How to Make a Demi-Glace Sauce

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Demi-glace is a specific type of sauce that is very near and dear to the hearts of many. Make a demi-glace sauce with help from Balducci's Food Lover's Market's Corporate Executive Chef Jason Miller in this free video clip.

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Video Transcript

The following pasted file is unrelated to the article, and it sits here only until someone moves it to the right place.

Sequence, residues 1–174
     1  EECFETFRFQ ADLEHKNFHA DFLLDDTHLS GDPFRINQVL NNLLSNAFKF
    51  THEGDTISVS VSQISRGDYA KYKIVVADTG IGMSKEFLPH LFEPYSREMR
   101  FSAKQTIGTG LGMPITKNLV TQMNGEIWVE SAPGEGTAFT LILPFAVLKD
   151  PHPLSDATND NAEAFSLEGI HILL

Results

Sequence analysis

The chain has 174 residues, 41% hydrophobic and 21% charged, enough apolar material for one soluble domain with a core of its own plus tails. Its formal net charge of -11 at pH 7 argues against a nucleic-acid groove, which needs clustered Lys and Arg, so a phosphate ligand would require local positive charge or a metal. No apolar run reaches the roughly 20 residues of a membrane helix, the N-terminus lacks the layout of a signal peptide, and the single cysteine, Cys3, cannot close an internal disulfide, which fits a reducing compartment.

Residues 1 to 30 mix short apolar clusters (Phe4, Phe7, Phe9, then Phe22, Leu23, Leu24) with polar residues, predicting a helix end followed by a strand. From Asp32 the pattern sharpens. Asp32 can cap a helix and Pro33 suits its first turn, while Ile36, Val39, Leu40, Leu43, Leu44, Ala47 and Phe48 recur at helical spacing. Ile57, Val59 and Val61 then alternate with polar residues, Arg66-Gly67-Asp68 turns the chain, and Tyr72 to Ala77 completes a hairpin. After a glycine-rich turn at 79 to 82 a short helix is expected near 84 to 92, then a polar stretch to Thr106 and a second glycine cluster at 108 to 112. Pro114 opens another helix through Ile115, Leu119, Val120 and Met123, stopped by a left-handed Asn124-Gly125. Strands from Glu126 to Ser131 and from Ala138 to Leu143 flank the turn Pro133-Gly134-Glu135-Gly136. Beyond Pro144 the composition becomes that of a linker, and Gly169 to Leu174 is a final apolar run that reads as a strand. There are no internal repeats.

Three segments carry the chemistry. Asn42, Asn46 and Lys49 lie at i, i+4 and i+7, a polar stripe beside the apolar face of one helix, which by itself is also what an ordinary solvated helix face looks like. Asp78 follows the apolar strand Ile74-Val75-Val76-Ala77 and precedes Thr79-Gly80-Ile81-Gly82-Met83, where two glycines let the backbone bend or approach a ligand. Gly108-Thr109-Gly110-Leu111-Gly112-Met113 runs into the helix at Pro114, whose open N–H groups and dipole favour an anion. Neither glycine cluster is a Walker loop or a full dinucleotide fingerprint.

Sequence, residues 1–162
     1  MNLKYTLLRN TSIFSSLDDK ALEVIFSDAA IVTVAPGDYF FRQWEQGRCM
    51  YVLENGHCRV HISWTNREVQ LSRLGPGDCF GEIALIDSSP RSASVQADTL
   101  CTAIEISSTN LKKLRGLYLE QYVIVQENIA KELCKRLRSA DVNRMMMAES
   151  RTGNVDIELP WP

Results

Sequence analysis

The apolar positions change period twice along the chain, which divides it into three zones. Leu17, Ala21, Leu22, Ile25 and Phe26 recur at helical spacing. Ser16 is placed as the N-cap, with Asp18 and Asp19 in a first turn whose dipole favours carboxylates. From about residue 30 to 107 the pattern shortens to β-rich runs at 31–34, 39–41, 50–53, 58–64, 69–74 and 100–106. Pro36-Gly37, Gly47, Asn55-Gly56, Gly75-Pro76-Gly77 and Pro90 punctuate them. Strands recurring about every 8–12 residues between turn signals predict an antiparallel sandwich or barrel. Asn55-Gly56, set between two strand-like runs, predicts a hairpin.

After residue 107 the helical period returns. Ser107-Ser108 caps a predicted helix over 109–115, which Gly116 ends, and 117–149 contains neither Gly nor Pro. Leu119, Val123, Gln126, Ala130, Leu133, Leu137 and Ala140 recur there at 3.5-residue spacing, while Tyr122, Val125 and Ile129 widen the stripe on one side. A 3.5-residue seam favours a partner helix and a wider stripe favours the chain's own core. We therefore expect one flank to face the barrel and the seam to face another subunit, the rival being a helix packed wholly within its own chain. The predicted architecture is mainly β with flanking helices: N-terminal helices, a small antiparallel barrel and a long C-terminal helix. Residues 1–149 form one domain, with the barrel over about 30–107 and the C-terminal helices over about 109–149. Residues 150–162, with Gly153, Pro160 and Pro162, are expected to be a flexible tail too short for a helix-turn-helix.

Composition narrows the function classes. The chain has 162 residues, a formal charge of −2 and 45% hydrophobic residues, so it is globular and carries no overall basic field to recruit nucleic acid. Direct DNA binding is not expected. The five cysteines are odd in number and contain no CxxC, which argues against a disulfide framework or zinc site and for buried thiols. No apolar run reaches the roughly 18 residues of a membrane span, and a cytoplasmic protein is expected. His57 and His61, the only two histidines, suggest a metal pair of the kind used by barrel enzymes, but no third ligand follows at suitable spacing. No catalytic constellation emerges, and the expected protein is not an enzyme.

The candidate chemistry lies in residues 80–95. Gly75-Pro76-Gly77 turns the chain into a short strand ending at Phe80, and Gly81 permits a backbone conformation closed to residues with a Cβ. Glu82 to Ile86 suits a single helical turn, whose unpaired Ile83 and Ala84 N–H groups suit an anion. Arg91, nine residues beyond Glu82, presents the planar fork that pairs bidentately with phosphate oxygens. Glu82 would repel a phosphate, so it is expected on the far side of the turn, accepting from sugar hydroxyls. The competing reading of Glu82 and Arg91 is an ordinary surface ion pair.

Hello. My name's Jason Miller. I'm the corporate executive chef for Balducci's Food Lovers Markets, and today we're going to make something that's near and dear to my heart. We're going to make a demi-glace. Now a demi-glace is a sauce made from a brown stock and a brown sauce or espagnole sauce. Basically they're combined and they're reduced by half, demi just means half. So it's a sauce of reduction. Now traditionally a brown sauce or espagnole sauce does have a roux in it. It's a roux based sauce, but we're going to leave that out today. We're going to show you guys just how to make a sauce of veal stock or veal jus of natural reduction. We have a nice veal stock already. If you guys don't have one you can normally find one at upscale retailers like Balducci's. But to make a veal stock you need veal bones and you need mirepoix, which is onions, celery, carrots. You need a little bit of garlic, tomato paste and red wine. Basically you're roasting these bones and these vegetables and you're creating this flavorful liquid that's cooked over twenty four hours to even longer to make this really really flavorful liquid. So what we have over here is we have our veal stock that's already been brought up to a simmer. But what we're going to do now is we're going to fortify this stock and we're going to start to reduce it. The first thing you want to do is you need for them, bases. You need meat. What I have here is, is I have left over, some beef tenderloin scrap that I used, that I cleaned on my beef tenderloins today. But at this point in time you can actually flavor this demi-glace or in this jus or veal jus to anything you want. You could add poultry scraps and you could add lamb scraps and bones. So you could really flavor this however you wanted to make for whatever you're going to have that night or that week or whatever. You know it doesn't have to be a high dollar meat. It's just any kind of scrap meat. It really enriches, it fortifies the sauce. So what we're going to do is we're going to brown this meat off in just a little bit, just a little bit of olive oil. You don't want to put a lot of oil in this, a lot of fat. It makes your stock in your sauce cloudy. You want to skim the impurities off the top of the sauce or the stock. So we're going to brown this up pretty good here. And the key to making this sauce is color. You really want to put a good color on your, when you're making the veal stock. You want to put good color on your bones and your vegetables, on this meat, on this scrap meat here to fortify this sauce. So the next thing we're going to do is we're going to add a little bit of mirepoix, which is onions, celery and carrots. And basically the ratio for mirepoix is 50 percent onions to 25 to 25 celery and carrots. The one kind of unusual ingredient we're going to put in here is we're going to put in a little piece of a pig's foot. Now we're not really putting that in for much flavor. It's more, it's for the collagen that's in the pig's foot. They're packed full, it's packed full of connected tissue and collagen which in turn is really gelatin. It gives a nice body, kind of a nice mouth feel to your sauce. It aids in the thickening of this sauce. We got our meat nice and caramelized. We're going to add just a little knob of tomato paste. OK. So what we did there with the red wine is called deglazing. Now as you're cooking your meat and or bones in mirepoix, you're going to start to see these little particulates stick to the bottom of the pan. That's actually good. You don't want them to burn but you know you can kind of tell when they're getting burned and that's when you want to go ahead and get ready to deglaze. But those little particulates are called, it's called fond and actually they're, it's packed full of flavor. So what we're doing, we deglaze it with the red wine. That's going to pick up all that flavor that's stuck on the bottom of the pan and introduce it into the sauce. We're going to add just a little bit of seasoning. We got a couple of bay leaves, a couple of cloves of garlic, and we're going two sprigs of fresh thyme and just a couple of pepper corns. You don't want to season too much in the beginning. Because what's going to happen is, you're reducing it, you're evaporating the water, and you're concentrating the flavors. Reduce this down by half and we're going to strain it out to a fine mesh strainer or chinois. What you're going to come up with is this. Now is when you can kind of add your salt and pepper and your seasoning. So this sauce is very time consuming to make. So what I'll do is I'll make it in kind of a large batch. And what I recommend doing, it freezes really well. What I'll do is I'll take this finished sauce and I'll ladle it into a, into ice cube trays. Then I'll come back, I'll pop it out and then you know, I'll put it in, I have a food saver at home, but you could put it in a Ziploc bag. You have these little flavor cubes and these you know, if it's you and your wife or your wife and kids, and you're making steaks, you pull out a couple of cubes and sere your steak off, you throw some of these in, you got a nice little pan sauce. So this is how we, this is how you make a fantastic demi-glace. My name's Jason and thank you so much for watching.

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